2 meetings. However, the truly collaborative environment supports and encourages parent requests for meetings, to which the school is immediately responsive. Multilingual staff are available to reduce communication barriers. Open-door policies. Open doors for administrators, educators, and support staff facilitate communication. Physical barriers can become psychological barriers to families who are reluctant to initiate contact with school staff. When doors are open (figuratively as well as physically), even the most hesitant person will feel welcome to share information, ask questions, and otherwise participate. Active parent associations and advisory councils. Parent associations and school advisory councils are often the means by which parents learn the culture of the school and become more involved. Participation can create a sense of ownership of the school s successes and failures and ways for parents to be involved in decision making. The parent association or council should have equal representation from all the groups within the school in terms of ethnic, linguistic, and socioeconomic diversity. If this level of representation is not present, the school administration should strive toward recruiting and maintaining such representatives. Parent associations that involve leaders in the community can be powerful supports for family school relationships. Parent volunteers. Collaborative schools have a wide range of options for parent volunteers and a large pool of volunteers who participate at all levels of the school s operations. These volunteers represent the diversity of the school population so that all voices are considered when decisions are made. The parent volunteer pool may vary at times due to the school s needs and parents availability. Inclusive school culture. The culture of the school must match or be sensitive to the cultural values and needs of the families within the school community. It is crucial that the students and families see themselves reflected in the artwork and messages posted on the walls of the school, in school celebrations, in the curriculum, and in the factors considered when decisions are made. For example, when planning cultural activities, the school can work with families to ensure that celebrations and other events are culturally appropriate. In addition, the expertise of cultural liaisons (also known as cultural brokers or cultural advocates) can be used to help build an inclusive school culture. Shared responsibility for successes and failures. When families are involved in all levels of school governance, there is a sense of shared responsibility for both positive and negative outcomes. Families will be more supportive of school policies and school improvement efforts if they are included in all levels of decision making. KEY STRATEGIES TO ENHANCE COLLABO RATION Several key strategies can be used to enhance communication and collaboration among schools and diverse families. These strategies include implementing structural changes, preparing staff, adopting a no surprises policy, increasing regular communication, using strengths to manage weaknesses, and empowering parents. Structural Changes. Proportional representation of cultural, linguistic, and socioeconomic diversity in activities to build home school partnerships is vital to the success of individual students and the Communiqué Handout: March/April 2010, Volume 38, Number 6 2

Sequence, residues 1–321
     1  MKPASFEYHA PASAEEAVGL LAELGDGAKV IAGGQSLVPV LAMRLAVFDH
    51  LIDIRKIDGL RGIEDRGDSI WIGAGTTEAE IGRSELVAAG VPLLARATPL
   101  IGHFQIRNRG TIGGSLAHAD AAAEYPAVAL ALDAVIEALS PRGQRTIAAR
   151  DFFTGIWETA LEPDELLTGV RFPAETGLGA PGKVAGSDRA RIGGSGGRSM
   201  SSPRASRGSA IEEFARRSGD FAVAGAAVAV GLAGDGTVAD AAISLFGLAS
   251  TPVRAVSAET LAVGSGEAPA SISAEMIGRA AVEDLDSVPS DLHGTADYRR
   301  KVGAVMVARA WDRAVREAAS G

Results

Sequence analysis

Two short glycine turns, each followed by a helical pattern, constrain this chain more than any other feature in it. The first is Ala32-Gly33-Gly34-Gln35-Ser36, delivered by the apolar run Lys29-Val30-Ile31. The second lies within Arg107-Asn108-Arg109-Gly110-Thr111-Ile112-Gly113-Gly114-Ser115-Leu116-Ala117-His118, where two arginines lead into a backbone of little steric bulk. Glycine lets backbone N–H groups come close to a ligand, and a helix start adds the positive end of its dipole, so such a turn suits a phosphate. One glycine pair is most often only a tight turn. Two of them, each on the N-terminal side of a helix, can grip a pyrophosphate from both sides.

3 school overall. School administrators should communicate regularly with all parents to identify and monitor any barriers to their participation. As soon as possible (and annually as necessary), modifications to school structure should be made to remove and reduce participation barriers (Christenson, 2003) and facilitate parent involvement at all levels. Examples of participation barriers include: Meetings scheduled at times when parents have to work Lack of child care Lack of transportation to school Lack of access to interpreters and/or cultural advocates (e.g., cultural liaisons) Lack of positive communication between families and staff As administrators obtain feedback from parents, changes can be implemented that will facilitate optimal collaboration, such as scheduling evening meetings where child care is provided and incorporating interpreters in all school activities. Staff preparation. Staff members should strive for cultural literacy familiarity with the characteristics, norms, customs, and values of various cultures. Palacios and Trivedi (2009) provide comprehensive descriptions of values and behaviors that are common among diverse cultural groups. School staff who prepare for meetings and school activities using such resources are often the most effective in communicating with culturally diverse families. As staff attain higher levels of cultural competence, they build a knowledge base of the cultural dos and don ts associated with their students families. Some considerations that are helpful in home school collaborations include the recognition of culturally related communication styles and culturally based personal identity. Communication styles. To foster positive interactions with families, school staff should have knowledge of communication styles. For example, for many African Americans, it is considered respectful to look away when spoken to. This communication style may be misinterpreted as disrespectful by someone unfamiliar with the culture. The meaning of touch also varies between cultures. In some, rapport includes some form of touch; in other cultures, certain types of touch are completely inappropriate (e.g., a handshake between an Orthodox Jewish man and a woman who is not a family member). Personal identity. Personal identity refers to how people view themselves in a cultural context. For most minority groups, personal identity is collective rather than individual, or we rather than I. Understanding such differences will enhance the ability of school staff to understand diverse families and the cultural values they bring to every interaction. No surprises. Adopting a no surprises policy helps to foster an environment conducive to collaboration with culturally and linguistically diverse families. Too often, these families feel uncomfortable or apprehensive about dealing with schools. Surprises can create misunderstandings; no one likes being caught off guard. Team meetings that include eight or nine people can be extremely intimidating to a parent who is not highly involved in the school. Prior to any formal meeting that might involve several people, it is best to have an informal meeting with family members. For example, if a team meeting is scheduled to address learning concerns, the teacher or school psychologist should meet with the family ahead of time to describe the purpose and context of the meeting, discuss the options that will be presented, and allow family members to ask Communiqué Handout: March/April 2010, Volume 38, Number 6 3